No one can accuse the Romanian government of being lethargic when it comes to healthcare reform. After an unprecedented seven years of zero new molecules being admitted to the state reimbursement list, the pharma industry has suddenly been subjected to a whirlwind of radical refashioning and legislatory upheaval.
“The industry has changed more in the past six months than it has in the entire previous five years,” says Nolan Townsend, country manager of Pfizer Romania. “Such a pace of overhaul can, though, yield some nice results.”
“We’re talking about the reopening of 26 hospitals, 3,500 new jobs for health practitioners and a new list of subsided medicines, not to mention the introduction of a national health card and new national programs for urgent unmet needs.”
Nicolae Bănicioiu – Minister of Health
Fabrizio Giombini, managing director of MSD Romania, mirrors that sentiment. “Introducing originators to the local market has been a real challenge for innovative pharma companies for many years. There were several instances where access to innovation seemed imminent, only for desired reforms to fail to materialize. Eventually, last year, we finally made some tangible progress towards a new reimbursement system, though there remains considerable ground to cover,” he warns.
“I believe that we’ve achieved a great many milestones within a very tight timeframe. We’re talking about the reopening of 26 hospitals, 3,500 new jobs for health practitioners and a new list of subsided medicines, not to mention the introduction of a national health card and new national programs for urgent unmet needs,” declares Minister Bănicioiu.
“Not only did we introduce 40 new molecules last year – a feat simply unimaginable a few years ago – but also we have implemented an entire supporting architecture to enable similar updates to be conducted on a regular basis in the future: namely a delisting mechanism, cost-volume agreements and health technology assessment (HTA) capabilities,” emphasizes secretary of state at the Ministry of Health, Răzvan Vulcănescu.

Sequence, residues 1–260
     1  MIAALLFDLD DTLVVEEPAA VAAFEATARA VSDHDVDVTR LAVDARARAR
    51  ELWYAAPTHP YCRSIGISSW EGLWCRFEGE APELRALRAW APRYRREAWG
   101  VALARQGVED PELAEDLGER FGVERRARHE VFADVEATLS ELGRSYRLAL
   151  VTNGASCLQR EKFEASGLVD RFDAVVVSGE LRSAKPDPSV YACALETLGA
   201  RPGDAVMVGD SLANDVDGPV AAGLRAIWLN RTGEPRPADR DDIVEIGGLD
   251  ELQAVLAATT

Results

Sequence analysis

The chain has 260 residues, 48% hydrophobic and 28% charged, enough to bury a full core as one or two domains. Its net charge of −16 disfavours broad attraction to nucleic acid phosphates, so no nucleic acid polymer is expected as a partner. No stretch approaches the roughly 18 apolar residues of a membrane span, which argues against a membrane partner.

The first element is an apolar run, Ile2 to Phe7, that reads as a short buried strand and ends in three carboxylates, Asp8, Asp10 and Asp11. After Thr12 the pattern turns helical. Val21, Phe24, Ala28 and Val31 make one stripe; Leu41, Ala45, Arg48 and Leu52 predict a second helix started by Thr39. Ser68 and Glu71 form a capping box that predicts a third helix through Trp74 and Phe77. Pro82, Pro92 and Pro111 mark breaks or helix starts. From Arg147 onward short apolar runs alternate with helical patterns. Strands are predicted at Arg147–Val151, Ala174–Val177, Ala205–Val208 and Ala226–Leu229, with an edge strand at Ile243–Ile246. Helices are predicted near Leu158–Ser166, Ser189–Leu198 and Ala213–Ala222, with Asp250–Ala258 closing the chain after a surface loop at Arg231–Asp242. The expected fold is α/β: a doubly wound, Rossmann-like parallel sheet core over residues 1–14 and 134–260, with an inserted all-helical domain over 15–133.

Not everyone is so unequivocally optimistic, however, about Romania’s ability to propel itself forward in terms of healthcare outcomes. “The problem is that, in Romania, healthcare is all too often considered from a purely economic point of view: how much is spent on medicines. But the indirect social consequences should be factored in as well. If life expectancy remains one of the lowest in Europe or if the number of days spent on sick leave by workers remains abnormally high then this is going to harm the economy as a whole and translate into reduced productivity and a lower tax intake. Under such circumstances the end balance is a negative one,” argues Gabor Sztaniszlav, general manager of Amgen Romania. “We believe that, taking into account baseline GDP and underlying growth potential, Romanian society deserves to enjoy far better healthcare provision. And for that to happen there has to be more public money injected into the system,” he stresses.
Indeed, according to the European Health Consumer Index, which objectively evaluates the healthcare systems of the EU28 alongside a further eight non-EU European members, Romania now ranks 35th out of the 36 counties analyzed, with only Bosnia Herzegovina faring worse. “If you want a healthy economy you certainly need to invest money in healthcare because people constitute the main asset of a country,” affirms GSK’s general manager for Romania, Barbara Cygler. “The entire local industry has been built up in barely 20 years with the rapid emergence of a young medical class with high expectations, but we’re still waiting for that greater cultural paradigm shift that assigns healthcare its true worth as an investment in the nation,” reasons Roberto Musneci, senior partner at Serban and Musneci Associates (SMA).
“This is really problematic,” says Mark Dekker, Astellas’ country manager for Romania, “because unfortunately, there’s really no other substitute for introducing new liquidity into the system; none of the new mechanisms being embraced by the state will be able to overcome such a basic underfunding shortfall irrespective of how well they are applied.”